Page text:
press ctrl-x and save the changes. Then reboot the VM.
This time it will load into the desktop environment.
Next we will setup a few libraries which are required in order to create programs for the LOGi Bone.
Run the following:
- sudo apt-get install gcc g++ curl wget tar bzip2 libmotif3 git python automake autoconf cmake libstdc++5 libcurl
We can also optionally install
ruby (I prefer it over Python for scripting stuff)
synaptic (A very nice GUI package manager) - Recommended
zsh (A nice shell environment I prefer it to Bash)
We can now install our HDL tools in order to write and build code for the FPGA.
sudo apt-get install gcc-4.7-arm-linux-gnueabi
sudo apt-get install verilog
sudo apt-get install gtkwave
sudo apt-get install software-properties-common
add-apt-repository ppa:pgavin/ghdl (You don’t need this, as we installed it in OSX too)
sudo apt-get update
sudo apt-get install ghdl
You can now go ahead and install the Xilinx ISE Webpack that you downloaded earlier.
Setting up SSH
Next we need to setup an SSH server so that we can SSH into our build machine from OSX. This provides a clean way to use the tools which are in the Linux environment.
sudo apt-get install openssh-server
Once that is installed we want to setup automatic login using a public and private key. This is so our build scripts don’t block and ask for login details everytime.
sudo nano /etc/lightdm/lightdm.conf
and add the following to the file.
autologin-user=<your Ubuntu username>
Save and exit (ctrl-x and Y)
Setting up OSX
In order to keep the VM image small we will create a shared folder in OSX. This folder will become the install location for the ISE Webpack as well as your project folder.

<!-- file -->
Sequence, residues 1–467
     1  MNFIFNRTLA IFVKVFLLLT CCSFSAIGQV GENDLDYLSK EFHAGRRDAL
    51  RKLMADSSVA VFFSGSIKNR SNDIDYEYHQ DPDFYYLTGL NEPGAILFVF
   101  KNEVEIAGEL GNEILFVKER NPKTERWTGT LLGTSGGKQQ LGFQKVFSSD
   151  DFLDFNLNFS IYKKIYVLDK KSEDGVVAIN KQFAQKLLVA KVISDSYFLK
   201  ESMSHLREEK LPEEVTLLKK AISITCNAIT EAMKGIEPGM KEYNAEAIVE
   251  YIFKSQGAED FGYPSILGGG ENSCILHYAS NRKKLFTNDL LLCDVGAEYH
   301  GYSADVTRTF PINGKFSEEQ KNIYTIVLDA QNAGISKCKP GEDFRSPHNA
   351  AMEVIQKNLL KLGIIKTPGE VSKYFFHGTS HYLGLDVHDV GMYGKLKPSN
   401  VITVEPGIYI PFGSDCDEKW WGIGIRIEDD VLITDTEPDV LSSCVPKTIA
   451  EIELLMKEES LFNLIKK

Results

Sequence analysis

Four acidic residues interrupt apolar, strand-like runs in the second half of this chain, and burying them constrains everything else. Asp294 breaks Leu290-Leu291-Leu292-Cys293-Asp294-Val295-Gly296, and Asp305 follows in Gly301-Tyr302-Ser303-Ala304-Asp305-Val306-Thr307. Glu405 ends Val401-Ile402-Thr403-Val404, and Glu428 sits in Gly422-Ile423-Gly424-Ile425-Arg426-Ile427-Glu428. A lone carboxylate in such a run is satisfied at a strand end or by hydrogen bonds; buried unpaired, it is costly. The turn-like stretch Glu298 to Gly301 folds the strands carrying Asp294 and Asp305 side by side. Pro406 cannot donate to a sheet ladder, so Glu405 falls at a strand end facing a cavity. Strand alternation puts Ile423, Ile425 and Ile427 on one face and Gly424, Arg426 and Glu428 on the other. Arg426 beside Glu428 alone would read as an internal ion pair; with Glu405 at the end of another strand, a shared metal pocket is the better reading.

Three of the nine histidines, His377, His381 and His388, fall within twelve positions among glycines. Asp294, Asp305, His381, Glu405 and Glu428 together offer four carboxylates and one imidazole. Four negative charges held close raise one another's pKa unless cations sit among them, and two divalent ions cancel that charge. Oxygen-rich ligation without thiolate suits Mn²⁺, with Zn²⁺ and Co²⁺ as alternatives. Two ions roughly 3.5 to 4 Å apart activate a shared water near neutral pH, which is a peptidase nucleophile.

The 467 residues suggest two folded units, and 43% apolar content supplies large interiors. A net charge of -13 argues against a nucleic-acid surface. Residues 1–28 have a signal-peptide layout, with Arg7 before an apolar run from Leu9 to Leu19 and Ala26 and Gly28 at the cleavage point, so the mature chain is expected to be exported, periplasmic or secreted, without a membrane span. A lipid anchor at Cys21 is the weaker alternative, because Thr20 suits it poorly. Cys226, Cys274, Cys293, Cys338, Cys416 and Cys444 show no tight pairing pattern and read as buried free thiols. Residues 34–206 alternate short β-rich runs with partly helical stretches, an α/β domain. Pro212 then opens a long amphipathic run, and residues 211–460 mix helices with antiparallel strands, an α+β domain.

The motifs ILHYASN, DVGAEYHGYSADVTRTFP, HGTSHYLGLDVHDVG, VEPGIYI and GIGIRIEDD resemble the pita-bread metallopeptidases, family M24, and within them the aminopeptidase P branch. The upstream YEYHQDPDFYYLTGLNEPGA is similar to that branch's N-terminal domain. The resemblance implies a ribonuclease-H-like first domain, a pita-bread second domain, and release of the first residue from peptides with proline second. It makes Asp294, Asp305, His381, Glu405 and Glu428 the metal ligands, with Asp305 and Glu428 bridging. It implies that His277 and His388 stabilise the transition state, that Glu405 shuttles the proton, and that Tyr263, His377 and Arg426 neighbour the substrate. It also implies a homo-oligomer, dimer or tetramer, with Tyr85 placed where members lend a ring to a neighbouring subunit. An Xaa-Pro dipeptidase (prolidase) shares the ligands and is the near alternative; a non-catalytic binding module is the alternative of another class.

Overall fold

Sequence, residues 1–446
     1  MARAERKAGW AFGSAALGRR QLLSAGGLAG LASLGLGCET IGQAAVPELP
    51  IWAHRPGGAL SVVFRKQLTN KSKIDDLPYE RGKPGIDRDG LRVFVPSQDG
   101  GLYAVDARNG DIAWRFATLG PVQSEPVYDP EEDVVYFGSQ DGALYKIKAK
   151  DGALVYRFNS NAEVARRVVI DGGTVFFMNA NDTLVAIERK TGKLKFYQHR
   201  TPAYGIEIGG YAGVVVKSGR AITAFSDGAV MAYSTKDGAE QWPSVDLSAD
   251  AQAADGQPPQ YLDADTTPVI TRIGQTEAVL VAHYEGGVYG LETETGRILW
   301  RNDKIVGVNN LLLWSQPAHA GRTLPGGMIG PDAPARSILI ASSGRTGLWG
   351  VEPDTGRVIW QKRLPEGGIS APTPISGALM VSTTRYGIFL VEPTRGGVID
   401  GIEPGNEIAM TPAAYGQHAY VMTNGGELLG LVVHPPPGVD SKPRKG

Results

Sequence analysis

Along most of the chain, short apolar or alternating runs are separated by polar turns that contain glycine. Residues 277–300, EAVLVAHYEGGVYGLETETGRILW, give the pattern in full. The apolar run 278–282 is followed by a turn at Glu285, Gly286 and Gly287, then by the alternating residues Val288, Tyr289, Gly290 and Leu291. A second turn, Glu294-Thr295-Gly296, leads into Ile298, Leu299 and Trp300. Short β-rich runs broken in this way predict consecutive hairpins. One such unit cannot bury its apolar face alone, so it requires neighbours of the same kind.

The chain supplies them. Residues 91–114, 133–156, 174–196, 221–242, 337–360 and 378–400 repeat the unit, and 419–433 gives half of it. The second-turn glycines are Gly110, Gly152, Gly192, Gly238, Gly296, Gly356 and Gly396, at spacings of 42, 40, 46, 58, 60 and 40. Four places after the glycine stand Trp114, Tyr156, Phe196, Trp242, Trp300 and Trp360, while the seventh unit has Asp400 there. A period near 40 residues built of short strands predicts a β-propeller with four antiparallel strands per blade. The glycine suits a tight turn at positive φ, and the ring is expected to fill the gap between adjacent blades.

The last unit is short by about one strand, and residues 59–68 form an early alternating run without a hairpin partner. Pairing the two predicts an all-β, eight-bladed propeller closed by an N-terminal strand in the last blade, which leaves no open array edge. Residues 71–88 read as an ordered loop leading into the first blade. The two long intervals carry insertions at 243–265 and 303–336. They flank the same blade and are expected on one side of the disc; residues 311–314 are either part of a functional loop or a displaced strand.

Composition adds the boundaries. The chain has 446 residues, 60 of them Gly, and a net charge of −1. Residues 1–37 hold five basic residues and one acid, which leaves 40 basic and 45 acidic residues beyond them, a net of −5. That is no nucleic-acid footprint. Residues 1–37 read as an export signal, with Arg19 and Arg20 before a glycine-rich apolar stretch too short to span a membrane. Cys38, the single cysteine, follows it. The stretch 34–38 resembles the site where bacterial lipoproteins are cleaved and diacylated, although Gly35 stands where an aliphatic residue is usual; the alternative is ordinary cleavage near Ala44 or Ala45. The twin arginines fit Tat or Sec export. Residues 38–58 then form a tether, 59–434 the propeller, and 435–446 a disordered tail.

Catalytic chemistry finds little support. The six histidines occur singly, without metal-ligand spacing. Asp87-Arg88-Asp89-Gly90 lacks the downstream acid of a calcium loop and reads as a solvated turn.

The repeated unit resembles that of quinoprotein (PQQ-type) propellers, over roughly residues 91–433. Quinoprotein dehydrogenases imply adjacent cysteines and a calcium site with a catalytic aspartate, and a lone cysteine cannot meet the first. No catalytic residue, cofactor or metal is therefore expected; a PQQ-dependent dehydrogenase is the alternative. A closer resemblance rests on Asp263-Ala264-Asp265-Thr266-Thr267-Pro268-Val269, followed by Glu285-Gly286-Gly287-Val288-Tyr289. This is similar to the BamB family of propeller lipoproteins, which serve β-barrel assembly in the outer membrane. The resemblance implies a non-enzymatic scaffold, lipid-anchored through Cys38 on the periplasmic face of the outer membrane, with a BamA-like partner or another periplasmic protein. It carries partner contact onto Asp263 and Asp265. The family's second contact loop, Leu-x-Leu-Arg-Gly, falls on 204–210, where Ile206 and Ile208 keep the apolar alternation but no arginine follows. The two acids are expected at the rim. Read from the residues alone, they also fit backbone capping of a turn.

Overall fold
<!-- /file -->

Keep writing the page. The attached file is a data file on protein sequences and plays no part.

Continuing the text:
In order to setup the shared folder we first need to make a folder to share. On the OSX machine run the following (You can use any directory):
System Preferences -> Sharing
Under “File Sharing” add the folder you just created to the list and set the permissions to “Read & Write” for “Everyboody” so that the Linux VM can also write to this directory.
Next select “Options” and ensure that “Windows File Sharing” is enabled (second option)
Take note of the IP address given in the “File Sharing” window, we will need it in a second.
Our next step is to mount this file system in the VM. On the VM run the following commands:
sudo apt-get install cifs-utils
sudo mkdir /mnt/HDLProjects
sudo mount.cifs //<your OSX IP>/HDLProjects /mnt/HDLProjects -o user=<username>,password=<password>,nounix,sec=ntlmssp,noperm,rw
Next symlink this folder to your VM home directory
ln -s /mnt/HDLProjects/ .
Once the shared folder is setup we can install the Xilinx ISE webpack which you have downloaded.
The install takes up around 18GB of space and thus I recommend installing it to your shared folder, I installed mine at “~/HDLProjects/Xilinx_Tools/”
A standard install should be sufficient for the moment.
Setting up private keys
Typing a password every time you SSH in is not very convenient, especially when we will be running many scripts on the VM via SSH. So to prevent this we need to setup public and private keys.
On your OSX machine:
ssh-keygen -f HDLServer -N '' -t rsa -q
Copy the contents of HDLServer.pub and append it to the “~/.ssh/authorized_keys” file on the VM. If the file or folder do not exist then create them.
You can now SSH without entering a password. On the OSX machine run the following in terminal:
ssh -i ~/.ssh/HDLServer <Your username>@<Your VM IP>
If you are asked for a password then it is not setup correctly, carefully read through the above instructions again.
At this point you should be able to write VHDL in OSX using Sigasi and then import that into your ISE projects on the VM. These projects can then be built and uploaded to the LOGiBone via ISE and the VM.
The next two sections will setup the OSX machine to trick it into believing it can run the tools needed to build, test and deploy the VHDL code to the LOGiBone. While it is perfectly acceptable to just develop on the Linux VM I like the ability to separate the process and leave my VHDL build server in the cloud, this allows me to write and deploy code from anywhere.
Non-native tool setup